Amazon pulled Apple TV from their store, so Apple should pull Amazon apps from their App Store

“Jeff Bezos plays hardball [and] bans Apple TV,” Alcaraz Equity Research writes for Seeking Alpha. “Apple’s decision to release a console gaming iOS TV device and its ambition to become a streaming video service provider are seen as threats by Amazon. Bezos therefore promptly exercised his prerogative to eliminate current and upcoming threats to Amazon.”

“I believe there is no such thing as retail store neutrality. The store owner has every right to exclusively sell its own products. It is in Amazon’s best interest to stop helping Apple and its third-party partners sell the new vastly improved Apple TV 4 units,” Alcaraz writes. “Amazon knows all too well that Apple has enough cash to eventually pay what Hollywood is demanding for it content library. Banning the Apple TV is Amazon’s little way of further delaying/limiting the dissemination of a rival hardware/service.”

“Amazon’s ban is going to hurt sales of the Apple TV to the point that it will continue to lag behind the Fire TV. It is an intentional attack specifically against Apple TV,” Alcaraz writes. “Bezos made the ruthless preemptive strike by banning the Apple TV. He did this knowing he is risking a retaliatory ban for Amazon’s Prime Video iOS app. It is still up to Tim Cook if he will really retaliate against Amazon. Amazon has a few apps on the iTunes App Store.”

Read more in the full article here.

MacDailyNews Take: In the U.S. App Store, currently, Amazon has the following apps:

• Amazon App
• Amazon Video
• Amazon Music with Prime Music
• Amazon Local
• Kindle
• Amazon Photos
• Amazon Prime Now
• Amazon Fire TV Remote
• Amazon Alexa
• Amazon Seller
• AmazonFresh
• AWS Console
• Amazon Register
• Amazon Cloud Drive
• Amazon WorkSpaces
• Amazon WorkDocs
• Amazon Local Merchants
• Amazon AppStream Basic Client

There’s an awful lot there currently being offered to the world’s best-heeled smartphone and tablet users that Amazon has now put at risk. Judging by the amount of apps, Amazon certainly seems to regard iOS users as very important.

So, what should Apple do, if anything? If Apple did pull any of his apps from the App Store, would itty bitty bald baby Bezos go whining back to the DOJ as he is wont to do? If so, on what basis? Apple could always point to Android’s market share (while ignoring that iOS has cornered the market on the valuable customers) to show that there is no antitrust issue. Or would it be best for Apple TV to simply beat Amazon’s offerings to a pulp all while continuing to offer Amazon’s apps via the App Store?

Regardless of what Apple does, Amazon had better be careful lest they gain and cement the reputation as “the everything store that doesn’t offer everything.”

By banning Apple TV and Chromecast, Amazon shows what it means to be a monopolist – October 2, 2015
Amazon to ban sale of Apple TV, other streaming devices – October 1, 2015
Apple TV and voice control: What Siri does that the others don’t – September 18, 2015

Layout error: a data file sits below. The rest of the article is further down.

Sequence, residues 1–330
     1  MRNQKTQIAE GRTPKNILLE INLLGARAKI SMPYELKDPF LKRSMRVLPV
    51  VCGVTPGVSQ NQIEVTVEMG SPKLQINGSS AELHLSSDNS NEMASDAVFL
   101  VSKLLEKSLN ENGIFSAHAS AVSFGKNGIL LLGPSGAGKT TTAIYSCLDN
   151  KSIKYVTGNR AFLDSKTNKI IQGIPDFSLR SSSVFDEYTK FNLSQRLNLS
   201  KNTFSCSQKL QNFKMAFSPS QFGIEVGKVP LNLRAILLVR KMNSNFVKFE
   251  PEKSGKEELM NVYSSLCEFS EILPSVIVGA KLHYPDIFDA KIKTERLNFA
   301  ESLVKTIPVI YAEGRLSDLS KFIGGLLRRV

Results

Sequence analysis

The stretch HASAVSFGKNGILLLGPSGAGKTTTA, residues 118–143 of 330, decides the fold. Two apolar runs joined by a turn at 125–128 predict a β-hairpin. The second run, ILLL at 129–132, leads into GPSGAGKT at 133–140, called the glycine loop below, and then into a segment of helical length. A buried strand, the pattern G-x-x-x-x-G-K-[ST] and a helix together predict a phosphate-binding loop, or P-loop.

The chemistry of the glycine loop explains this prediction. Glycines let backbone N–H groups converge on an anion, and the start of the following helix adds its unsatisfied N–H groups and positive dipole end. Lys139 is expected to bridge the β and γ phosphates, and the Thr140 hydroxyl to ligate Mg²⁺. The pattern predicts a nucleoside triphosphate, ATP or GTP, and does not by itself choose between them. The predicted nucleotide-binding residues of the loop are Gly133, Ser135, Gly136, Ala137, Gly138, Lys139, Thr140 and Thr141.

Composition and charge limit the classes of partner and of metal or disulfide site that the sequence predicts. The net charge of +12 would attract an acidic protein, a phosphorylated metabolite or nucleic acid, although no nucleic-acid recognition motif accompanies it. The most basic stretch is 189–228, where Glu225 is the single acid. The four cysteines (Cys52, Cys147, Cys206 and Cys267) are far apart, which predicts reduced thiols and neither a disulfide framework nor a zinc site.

With the all-new Apple TV, Apple changes the game, yet again – September 14, 2015
What Apple got right in Apple TV’s user interface – and what needs work – September 11, 2015
New Apple TV has the potential to do for television what iPhone did for mobile phones – September 11, 2015
Apple preps to conquer living room with all-new Apple TV – September 11, 2015
Hands-on with the all-new Apple TV – September 10, 2015
Gruber: Apple TV will define how all TVs will work in a few years – September 10, 2015


  1. Apple had better not pull any amazon apps. That would be a great disservice to the many of us who use amazon and rely upon these apps.

    Personally, here’s what I think could be going on: With the new Apple TV and the ability for 3rd-party apps, there must be some degree of infighting between Apple and amazon, and this is the first punch thrown by amazon. My guess is that they will make up when the new Apple TV launches with an amazon app in the app store and simultaneously amazon selling the Apple TV again.

    1. As MDN always shoots off… Apple’s Store is Apple’s Store. They don’t have to allow you to sell your stuff there. Amazon’s store is Amazon’s. If they don’t want this product selling there, then cool. If someone has some anti-trust argument against Amazon, I have yet to hear it.

      This, to me, is a good move by Amazon because Apple will likely not be able to retaliate. And that’s because Apple’s devices are only as good as the software available for it. Amazon is too strong with consumers, including Kindle and Prime… for Apple to dump those Apps.

      Apple would have a backlash from customers of the iPad and iPhone if they did that. Amazon knows this. And if Bezos is such a bald little idiot, why do you MDN, and all you fanboys, give a rip about any Apple products being sold there?

      Right, you just ate crow…

      1. I buy all my Apple devices directly from Apple. The only reason it would be a benefit to buy elsewhere is if you don’t have a reasonably close Apple Store to be able to try things out before buying. Typically we try something out and then buy it online from Apple.

        The whole Amazon thing is a non-issue. Apple ships free and more quickly than Amazon Prime from my experience.

      2. “If someone has some anti-trust argument against Amazon, I have yet to hear it.”

        Ok, here’s one that I think applies:
        My understanding is that having a monopoly is not illegal. However, when you use your monopoly to get an unfair advantage in a different business, then that action is considered an antitrust issue. In this case, Amazon’s primary and original business is online retail. Their foray into streaming gadget making is a different business in a different category. In the new category they are up against major competition from Apple and others. So now they choose to use their monopoly in their retail business to gain an advantage in their gadget business. I think this is called abusing your monopoly and is illegal. We will see.